Then one of them, when he saw that he was healed, turned back, praising God with a loud voice. He prostrated himself at Jesus’ feet and thanked him. And he was a Samaritan. Then Jesus asked, “Were not ten made clean? But the other nine, where are they? Was none of them found to return and give praise to God except this foreigner?” Then he said to him, “Get up and go on your way; your faith has made you well.” (Luke 17:11-19)

The Israelites went from being slaves to property owners who had abundance and security. From a small group of refugees grew a great nation, that at its own peril, forgot who to give praise and thanks to. The psalmist tells us to praise God, and Paul follows that up with exhorting those who have abundance to share with those who have little. And Jesus’ own words remind us that it can at times when we are at our lowest that the greatest miracle of blessing may come. We need to be ready to return praise and be ready to return to our Lord God to praise the Almighty. I hope and pray, beloved reader, that this Thanksgiving season finds you with much to be thankful and praising for. Selah!

Season After Pentecost – Reign of Christ (Proper 29 [34]): The Epistle Passage – A message to believers new and established

I have heard of your faith in the Lord Jesus and your love toward all the saints, and for this reason I do not cease to give thanks for you as I remember you in my prayers. I pray that the God of our Lord Jesus Christ, the Father of glory, may give you a spirit of wisdom and revelation as you come to know him, so that, with the eyes of your heart enlightened, you may know what is the hope to which he has called you, what are the riches of his glorious inheritance among the saints, and what is the immeasurable greatness of his power for us who believe, according to the working of his great power.” (Ephesians 1:15 – 19)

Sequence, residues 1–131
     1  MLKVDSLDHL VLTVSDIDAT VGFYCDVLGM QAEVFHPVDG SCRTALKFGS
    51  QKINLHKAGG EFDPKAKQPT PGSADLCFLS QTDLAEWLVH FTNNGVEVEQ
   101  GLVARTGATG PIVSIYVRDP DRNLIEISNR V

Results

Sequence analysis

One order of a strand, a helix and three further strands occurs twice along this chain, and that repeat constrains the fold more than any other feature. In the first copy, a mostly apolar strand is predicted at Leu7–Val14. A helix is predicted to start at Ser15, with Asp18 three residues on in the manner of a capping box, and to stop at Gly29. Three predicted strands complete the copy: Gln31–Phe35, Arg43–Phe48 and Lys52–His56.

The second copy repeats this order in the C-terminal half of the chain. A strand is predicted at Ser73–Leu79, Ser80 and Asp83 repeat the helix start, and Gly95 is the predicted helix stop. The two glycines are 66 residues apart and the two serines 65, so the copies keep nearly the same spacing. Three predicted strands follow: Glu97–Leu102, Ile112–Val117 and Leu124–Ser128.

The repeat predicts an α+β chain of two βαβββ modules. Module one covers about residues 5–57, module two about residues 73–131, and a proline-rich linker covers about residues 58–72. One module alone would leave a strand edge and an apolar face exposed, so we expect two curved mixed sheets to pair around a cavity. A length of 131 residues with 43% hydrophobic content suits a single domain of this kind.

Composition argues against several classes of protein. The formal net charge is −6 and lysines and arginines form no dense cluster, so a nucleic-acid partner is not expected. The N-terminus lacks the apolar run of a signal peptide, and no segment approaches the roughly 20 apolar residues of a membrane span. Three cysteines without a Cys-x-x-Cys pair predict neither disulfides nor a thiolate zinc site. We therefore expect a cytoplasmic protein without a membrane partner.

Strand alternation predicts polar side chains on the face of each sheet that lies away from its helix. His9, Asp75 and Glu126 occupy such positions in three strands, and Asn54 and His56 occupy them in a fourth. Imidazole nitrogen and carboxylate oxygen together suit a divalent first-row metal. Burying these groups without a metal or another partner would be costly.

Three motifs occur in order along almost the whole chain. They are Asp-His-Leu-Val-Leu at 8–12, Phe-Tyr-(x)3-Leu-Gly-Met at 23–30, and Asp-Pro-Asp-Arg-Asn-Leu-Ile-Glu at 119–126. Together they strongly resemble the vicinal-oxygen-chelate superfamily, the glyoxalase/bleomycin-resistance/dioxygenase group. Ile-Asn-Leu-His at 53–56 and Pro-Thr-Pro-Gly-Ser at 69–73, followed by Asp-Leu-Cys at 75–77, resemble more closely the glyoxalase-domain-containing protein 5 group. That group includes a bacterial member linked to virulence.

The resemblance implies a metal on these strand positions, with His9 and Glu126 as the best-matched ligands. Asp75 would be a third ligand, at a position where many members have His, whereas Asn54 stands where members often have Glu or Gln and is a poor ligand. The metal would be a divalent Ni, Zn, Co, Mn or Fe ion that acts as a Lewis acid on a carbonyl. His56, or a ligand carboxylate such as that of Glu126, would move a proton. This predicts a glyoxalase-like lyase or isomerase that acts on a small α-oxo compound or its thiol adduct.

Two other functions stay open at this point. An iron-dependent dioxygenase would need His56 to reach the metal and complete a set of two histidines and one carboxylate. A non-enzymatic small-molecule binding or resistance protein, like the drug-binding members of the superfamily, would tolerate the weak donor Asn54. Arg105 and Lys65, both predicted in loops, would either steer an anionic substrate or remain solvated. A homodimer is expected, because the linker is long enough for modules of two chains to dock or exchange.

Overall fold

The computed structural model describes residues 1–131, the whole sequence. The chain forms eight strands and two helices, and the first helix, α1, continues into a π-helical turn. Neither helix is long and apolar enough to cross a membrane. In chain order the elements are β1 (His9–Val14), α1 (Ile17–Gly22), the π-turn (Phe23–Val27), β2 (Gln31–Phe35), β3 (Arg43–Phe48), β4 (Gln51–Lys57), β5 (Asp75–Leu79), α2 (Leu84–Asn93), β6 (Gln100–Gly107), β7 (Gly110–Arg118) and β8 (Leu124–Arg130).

Are there any new believers reading this? If so, this passage is especially for you. I know that us mature seasoned believers would love to have this said about us, but the truth is we should already know much of what Paul commends to us. But for a moment say that we don’t. This is what is commended and exhorted to us:

  • Have faith in the Lord God and in Jesus Christ
  • Love your fellow believers
  • You are prayed for
  • You are blessed and have been given wisdom through the Spirit of God; use that wisdom in your every day life

God put this power to work in Christ when he raised him from the dead and seated him at his right hand in the heavenly places, far above all rule and authority and power and dominion, and above every name that is named, not only in this age but also in the age to come. And he has put all things under his feet and has made him the head over all things for the church, which is his body, the fullness of him who fills all in all.” (Verses 20 – 23)

Now if we take Paul’s words literally, and Paul would expect us to, this blessing and wisdom was first established when Jesus ascended back into heaven. It has been in place much longer than any of us living today have had faith. It was established over 2000 year ago. It pre-dates my faith and your faith, and the faith of our spiritual forebearers. While Paul was addressing his remarks to relatively new believers, the establishing of Jesus Christ’s authority through the Lord God was set into motion soon after the first believers, the disciples, were commissioned through the Holy Spirit. New believers may come to new faith, but the faith is old and well established.

I have said often the focus of this lectionary year was new believers coming to new faith. But it is also for established believers coming to a deep faith, discovering new depths of faith. As we come to the end of this lectionary year, let us take some to time examine our faith and see if it has indeed deepened. Selah!